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FTC Targets Skin Care Companies with All Natural ClaimsFTC Targets Skin Care Companies with All Natural Claims

The companies were accused of falsely marketed their products as “all natural" even though they contained synthetic ingredients.

Josh Long

April 13, 2016

2 Min Read
FTC Targets Skin Care Companies with All Natural Claims

Four marketers of skin care products, shampoos and sunscreens have agreed to settle charges that they falsely depicted their products as “all natural" or “100% natural," the FTC announced Tuesday.

The products contained synthetic ingredients, such as dimethicone, ethhexyl and glycerin, according to an FTC news release. Under proposed settlements, the companies are prohibited from making similar representations, and must possess competent and reliable evidence to substantiate any of their ingredient-related, environmental or health claims, the agency noted.

“‘All natural’ or ‘100 percent natural’ means just that—no artificial ingredients or chemicals," said Jessica Rich, director of FTC’s Bureau of Consumer Protection, in a written statement. “Companies should take a lesson from these cases."

FTC also has filed a complaint against a fifth skin care firm, California Naturel Inc., seeking similar relief. The Sausalito, California-based company did not immediately respond to a request for comment.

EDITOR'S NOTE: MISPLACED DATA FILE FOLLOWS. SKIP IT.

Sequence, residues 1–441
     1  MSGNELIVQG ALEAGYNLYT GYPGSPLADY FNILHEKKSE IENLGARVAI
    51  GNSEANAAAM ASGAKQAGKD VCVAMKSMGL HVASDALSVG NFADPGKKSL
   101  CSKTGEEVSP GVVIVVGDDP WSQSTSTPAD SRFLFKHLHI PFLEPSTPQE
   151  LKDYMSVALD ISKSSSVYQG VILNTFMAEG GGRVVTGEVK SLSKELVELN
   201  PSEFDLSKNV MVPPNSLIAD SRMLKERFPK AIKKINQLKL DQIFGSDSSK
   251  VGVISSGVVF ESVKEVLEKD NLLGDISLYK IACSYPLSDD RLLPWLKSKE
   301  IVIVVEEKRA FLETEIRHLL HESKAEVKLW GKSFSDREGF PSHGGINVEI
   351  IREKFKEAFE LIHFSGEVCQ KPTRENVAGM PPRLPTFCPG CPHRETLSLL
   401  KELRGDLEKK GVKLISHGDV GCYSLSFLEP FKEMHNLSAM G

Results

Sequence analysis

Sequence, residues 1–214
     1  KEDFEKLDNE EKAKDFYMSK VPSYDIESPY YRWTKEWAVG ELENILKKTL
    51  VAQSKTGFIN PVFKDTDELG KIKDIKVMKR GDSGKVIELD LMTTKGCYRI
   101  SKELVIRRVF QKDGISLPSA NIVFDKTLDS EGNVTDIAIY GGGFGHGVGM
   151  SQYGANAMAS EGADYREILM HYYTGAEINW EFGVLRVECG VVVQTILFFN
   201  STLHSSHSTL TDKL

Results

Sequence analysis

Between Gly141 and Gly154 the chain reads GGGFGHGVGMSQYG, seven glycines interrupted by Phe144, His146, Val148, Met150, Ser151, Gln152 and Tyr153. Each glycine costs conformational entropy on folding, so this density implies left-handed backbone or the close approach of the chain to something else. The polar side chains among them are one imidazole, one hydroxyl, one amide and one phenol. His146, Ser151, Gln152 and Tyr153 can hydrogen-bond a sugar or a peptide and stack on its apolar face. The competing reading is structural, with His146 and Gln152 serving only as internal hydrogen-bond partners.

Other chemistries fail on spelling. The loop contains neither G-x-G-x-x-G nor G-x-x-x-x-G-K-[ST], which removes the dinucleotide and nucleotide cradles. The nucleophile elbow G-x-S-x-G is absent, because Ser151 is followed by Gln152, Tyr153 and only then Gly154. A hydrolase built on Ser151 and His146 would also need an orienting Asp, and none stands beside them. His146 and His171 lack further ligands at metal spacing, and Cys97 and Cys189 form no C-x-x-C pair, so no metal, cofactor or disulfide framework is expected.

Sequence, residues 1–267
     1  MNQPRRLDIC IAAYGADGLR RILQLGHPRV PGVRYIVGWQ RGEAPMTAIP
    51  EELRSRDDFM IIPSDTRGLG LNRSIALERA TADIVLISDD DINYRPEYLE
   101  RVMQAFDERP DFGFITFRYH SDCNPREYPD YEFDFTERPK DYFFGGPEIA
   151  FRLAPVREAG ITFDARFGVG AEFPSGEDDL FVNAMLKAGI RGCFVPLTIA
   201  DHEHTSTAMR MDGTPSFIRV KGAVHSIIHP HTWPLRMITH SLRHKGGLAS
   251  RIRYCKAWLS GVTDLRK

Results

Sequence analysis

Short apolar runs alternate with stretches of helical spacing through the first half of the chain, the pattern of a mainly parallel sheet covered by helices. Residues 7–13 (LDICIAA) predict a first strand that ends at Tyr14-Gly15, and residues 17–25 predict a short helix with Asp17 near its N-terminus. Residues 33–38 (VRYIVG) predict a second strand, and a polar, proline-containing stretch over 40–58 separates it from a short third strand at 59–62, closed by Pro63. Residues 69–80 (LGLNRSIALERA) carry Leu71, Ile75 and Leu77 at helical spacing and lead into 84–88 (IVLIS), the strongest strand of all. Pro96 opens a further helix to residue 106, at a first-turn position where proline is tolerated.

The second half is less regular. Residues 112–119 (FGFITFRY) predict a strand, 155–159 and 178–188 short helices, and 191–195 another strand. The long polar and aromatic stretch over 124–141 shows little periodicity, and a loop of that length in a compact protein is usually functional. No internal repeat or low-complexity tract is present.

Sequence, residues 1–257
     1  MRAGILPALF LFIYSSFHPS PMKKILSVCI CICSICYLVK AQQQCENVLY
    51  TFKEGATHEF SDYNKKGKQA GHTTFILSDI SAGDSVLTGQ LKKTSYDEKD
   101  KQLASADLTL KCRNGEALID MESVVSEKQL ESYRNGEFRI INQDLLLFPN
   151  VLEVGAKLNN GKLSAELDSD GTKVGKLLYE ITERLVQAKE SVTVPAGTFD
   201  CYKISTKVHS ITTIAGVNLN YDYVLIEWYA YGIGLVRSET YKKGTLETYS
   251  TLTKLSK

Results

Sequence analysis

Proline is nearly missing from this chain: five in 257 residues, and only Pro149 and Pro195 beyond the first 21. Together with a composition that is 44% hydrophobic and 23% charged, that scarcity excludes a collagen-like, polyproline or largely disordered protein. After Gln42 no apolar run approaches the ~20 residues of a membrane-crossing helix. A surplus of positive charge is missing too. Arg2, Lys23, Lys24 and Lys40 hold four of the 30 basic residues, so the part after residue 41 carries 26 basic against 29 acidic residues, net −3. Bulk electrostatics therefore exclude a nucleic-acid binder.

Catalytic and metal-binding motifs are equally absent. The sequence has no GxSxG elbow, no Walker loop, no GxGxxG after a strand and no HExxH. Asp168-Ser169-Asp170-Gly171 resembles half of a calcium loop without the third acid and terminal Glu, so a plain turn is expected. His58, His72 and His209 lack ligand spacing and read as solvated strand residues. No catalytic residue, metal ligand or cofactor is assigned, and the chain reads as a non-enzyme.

“It was just a misunderstanding," said Sean Zimmerman, general manager of Rocky Mountain Sunscreen, which has entered into a proposed settlement with FTC in response to the agency’s complaint that products such as “Natural Face Stick" were marketed as “all natural."  “We thought the all-natural part pertained to the active ingredients" and not inactive ingredients.

Zimmerman said the Arvada, Colorado-based company immediately stopped selling the product after hearing from FTC and has relabeled the product. He also noted FTC did not impose a fine.

“If you go on our website now, it just says mineral-based sunscreen," he said in a brief phone interview.

Beyond Coastal, a Salt Lake City-based company that reached a proposed settlement with FTC, said in an emailed statement, “We're grateful to the FTC for pointing out an editing error in some legacy text in our website. We take full responsibility for the error, are grateful that there were no financial penalties, and are glad to have moved into compliance with FTC regulations."

FTC also announced reaching proposed settlements with Santa Rosa, California-based ShiKai and Memphis, Tennessee, based EDEN BodyWorks. ShiKai, and Sally Beauty Supply, a retail distributor of EDEN’s products, did not immediately respond Wednesday to requests for comment.

About the Author(s)

Josh Long

Associate editorial director, Natural Products Insider, Informa Markets Health and Nutrition

Josh Long has been a journalist since 1997, holds a J.D. from the University of Wyoming College of Law, and was admitted to practice law in Colorado in 2008. Josh is the legal and regulatory editor with Informa's Health and Nutrition Network, specializing on matters related to Natural Products Insider. Ping him with story ideas at [email protected].

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